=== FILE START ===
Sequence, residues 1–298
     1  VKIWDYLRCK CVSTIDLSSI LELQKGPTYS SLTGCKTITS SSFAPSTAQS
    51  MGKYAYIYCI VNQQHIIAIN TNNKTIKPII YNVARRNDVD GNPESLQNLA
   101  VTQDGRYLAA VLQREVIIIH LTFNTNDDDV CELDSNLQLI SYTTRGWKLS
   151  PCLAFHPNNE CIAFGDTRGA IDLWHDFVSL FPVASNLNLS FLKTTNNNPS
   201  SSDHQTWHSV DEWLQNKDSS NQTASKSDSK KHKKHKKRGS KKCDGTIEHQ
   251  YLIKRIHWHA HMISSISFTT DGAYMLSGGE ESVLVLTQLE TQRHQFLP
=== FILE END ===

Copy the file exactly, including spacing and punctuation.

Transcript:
Sequence, residues 1–298
     1  VKIWDYLRCK CVSTIDLSSI LELQKGPTYS SLTGCKTITS SSFAPSTAQS
    51  MGKYAYIYCI VNQQHIIAIN TNNKTIKPII YNVARRNDVD GNPESLQNLA
   101  VTQDGRYLAA VLQREVIIIH LTFNTNDDDV CELDSNLQLI SYTTRGWKLS
   151  PCLAFHPNNE CIAFGDTRGA IDLWHDFVSL FPVASNLNLS FLKTTNNNPS
   201  SSDHQTWHSV DEWLQNKDSS NQTASKSDSK KHKKHKKRGS KKCDGTIEHQ
   251  YLIKRIHWHA HMISSISFTT DGAYMLSGGE ESVLVLTQLE TQRHQFLP